Greater Transparency Around Faculty Workloads

Our goal is to use these workload data to develop reports unit heads and deans can use to identify workload inequities and then make corrections and adjustments as needed. By implementing the workload equity model and using Interfolio FAR for workload agreements, we are working to form clarity and transparency around workload that will facilitate leadership decision-making and action to enhance equity among faculty workloads. While this new endeavor into documenting workloads in agreements is additional work our university did not have before, we are doing so to establish norms for workloads and equity among faculty. 

Author Bio:

M. Francyne Huckaby is Professor and Associate Provost of Faculty Affairs at Texas Christian University. She is a curriculum theorist who holds a PhD in higher education administration. Her books include Researching Resistance (2019) and Making Research Public in Troubled Times (2018). Her honors include the Society of Professors of Education Mary Anne Raywid Award for distinguished scholarship in the field of education, the Claudia V. Camp Faculty Research and Creative Activity Award, the TCU Deans’ Teaching Award, TCU Mortar Board Preferred Professor, Straight for Equality from Fort Worth’s PFLAG chapter, and American Educational Research Association Outstanding Book honorable mention and  Qualitative Research Outstanding Dissertation award.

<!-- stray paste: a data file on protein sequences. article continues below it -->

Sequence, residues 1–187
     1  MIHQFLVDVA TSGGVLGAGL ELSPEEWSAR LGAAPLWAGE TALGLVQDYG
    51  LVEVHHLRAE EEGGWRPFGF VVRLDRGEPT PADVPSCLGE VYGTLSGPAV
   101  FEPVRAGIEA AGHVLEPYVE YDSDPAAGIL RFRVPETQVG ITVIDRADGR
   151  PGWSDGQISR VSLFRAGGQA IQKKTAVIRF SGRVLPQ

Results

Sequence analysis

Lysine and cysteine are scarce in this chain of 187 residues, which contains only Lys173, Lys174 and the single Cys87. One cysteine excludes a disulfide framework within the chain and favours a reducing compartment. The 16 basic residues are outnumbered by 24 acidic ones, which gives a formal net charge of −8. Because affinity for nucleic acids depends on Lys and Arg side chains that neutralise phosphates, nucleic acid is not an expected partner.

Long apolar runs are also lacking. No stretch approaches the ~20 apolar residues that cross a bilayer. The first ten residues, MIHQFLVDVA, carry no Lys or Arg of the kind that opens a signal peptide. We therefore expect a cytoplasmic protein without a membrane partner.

Any opinions, findings, conclusions, or recommendations expressed in this material are those of the authors and do not necessarily reflect the view of Interfolio.